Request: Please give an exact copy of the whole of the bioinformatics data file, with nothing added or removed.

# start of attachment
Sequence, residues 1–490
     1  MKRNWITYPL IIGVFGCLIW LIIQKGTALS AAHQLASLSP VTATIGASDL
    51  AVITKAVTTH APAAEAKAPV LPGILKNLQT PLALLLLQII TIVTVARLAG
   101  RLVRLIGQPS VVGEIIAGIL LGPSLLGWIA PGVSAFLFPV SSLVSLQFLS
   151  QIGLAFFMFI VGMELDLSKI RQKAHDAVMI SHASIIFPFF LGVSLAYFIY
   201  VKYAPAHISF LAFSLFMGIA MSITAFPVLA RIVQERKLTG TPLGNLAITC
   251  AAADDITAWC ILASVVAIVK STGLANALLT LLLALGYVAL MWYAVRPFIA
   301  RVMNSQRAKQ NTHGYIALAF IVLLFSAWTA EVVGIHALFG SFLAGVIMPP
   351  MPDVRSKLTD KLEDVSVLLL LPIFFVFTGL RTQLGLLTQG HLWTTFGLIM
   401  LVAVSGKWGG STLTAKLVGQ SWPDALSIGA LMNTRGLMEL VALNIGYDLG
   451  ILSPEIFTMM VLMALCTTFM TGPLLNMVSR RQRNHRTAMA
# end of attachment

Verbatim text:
Sequence, residues 1–490
     1  MKRNWITYPL IIGVFGCLIW LIIQKGTALS AAHQLASLSP VTATIGASDL
    51  AVITKAVTTH APAAEAKAPV LPGILKNLQT PLALLLLQII TIVTVARLAG
   101  RLVRLIGQPS VVGEIIAGIL LGPSLLGWIA PGVSAFLFPV SSLVSLQFLS
   151  QIGLAFFMFI VGMELDLSKI RQKAHDAVMI SHASIIFPFF LGVSLAYFIY
   201  VKYAPAHISF LAFSLFMGIA MSITAFPVLA RIVQERKLTG TPLGNLAITC
   251  AAADDITAWC ILASVVAIVK STGLANALLT LLLALGYVAL MWYAVRPFIA
   301  RVMNSQRAKQ NTHGYIALAF IVLLFSAWTA EVVGIHALFG SFLAGVIMPP
   351  MPDVRSKLTD KLEDVSVLLL LPIFFVFTGL RTQLGLLTQG HLWTTFGLIM
   401  LVAVSGKWGG STLTAKLVGQ SWPDALSIGA LMNTRGLMEL VALNIGYDLG
   451  ILSPEIFTMM VLMALCTTFM TGPLLNMVSR RQRNHRTAMA